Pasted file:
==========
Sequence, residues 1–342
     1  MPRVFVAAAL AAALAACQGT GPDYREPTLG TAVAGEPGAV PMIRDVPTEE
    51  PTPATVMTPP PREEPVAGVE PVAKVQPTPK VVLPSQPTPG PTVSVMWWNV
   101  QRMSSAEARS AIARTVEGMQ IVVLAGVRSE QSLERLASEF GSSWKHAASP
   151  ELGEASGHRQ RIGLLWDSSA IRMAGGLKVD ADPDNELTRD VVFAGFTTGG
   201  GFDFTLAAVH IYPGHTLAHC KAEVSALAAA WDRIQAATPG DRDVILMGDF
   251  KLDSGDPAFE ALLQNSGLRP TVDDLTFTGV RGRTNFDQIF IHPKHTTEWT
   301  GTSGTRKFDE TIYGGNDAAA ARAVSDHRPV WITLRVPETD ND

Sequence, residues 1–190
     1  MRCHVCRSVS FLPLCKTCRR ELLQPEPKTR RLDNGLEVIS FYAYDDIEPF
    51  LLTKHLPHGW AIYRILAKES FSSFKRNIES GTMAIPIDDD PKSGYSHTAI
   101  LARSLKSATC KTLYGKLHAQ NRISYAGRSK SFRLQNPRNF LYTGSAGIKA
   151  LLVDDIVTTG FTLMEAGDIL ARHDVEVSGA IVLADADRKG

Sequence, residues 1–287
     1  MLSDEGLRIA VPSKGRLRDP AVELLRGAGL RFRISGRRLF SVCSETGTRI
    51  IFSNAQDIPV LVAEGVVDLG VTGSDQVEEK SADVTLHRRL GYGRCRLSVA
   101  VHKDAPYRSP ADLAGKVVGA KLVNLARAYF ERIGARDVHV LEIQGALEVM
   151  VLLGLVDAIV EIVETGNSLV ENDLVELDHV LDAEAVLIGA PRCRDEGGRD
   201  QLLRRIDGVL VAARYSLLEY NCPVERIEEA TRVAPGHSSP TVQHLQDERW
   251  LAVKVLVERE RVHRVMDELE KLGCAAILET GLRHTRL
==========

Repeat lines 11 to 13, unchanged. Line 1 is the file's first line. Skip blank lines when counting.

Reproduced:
    51  LLTKHLPHGW AIYRILAKES FSSFKRNIES GTMAIPIDDD PKSGYSHTAI
   101  LARSLKSATC KTLYGKLHAQ NRISYAGRSK SFRLQNPRNF LYTGSAGIKA
   151  LLVDDIVTTG FTLMEAGDIL ARHDVEVSGA IVLADADRKG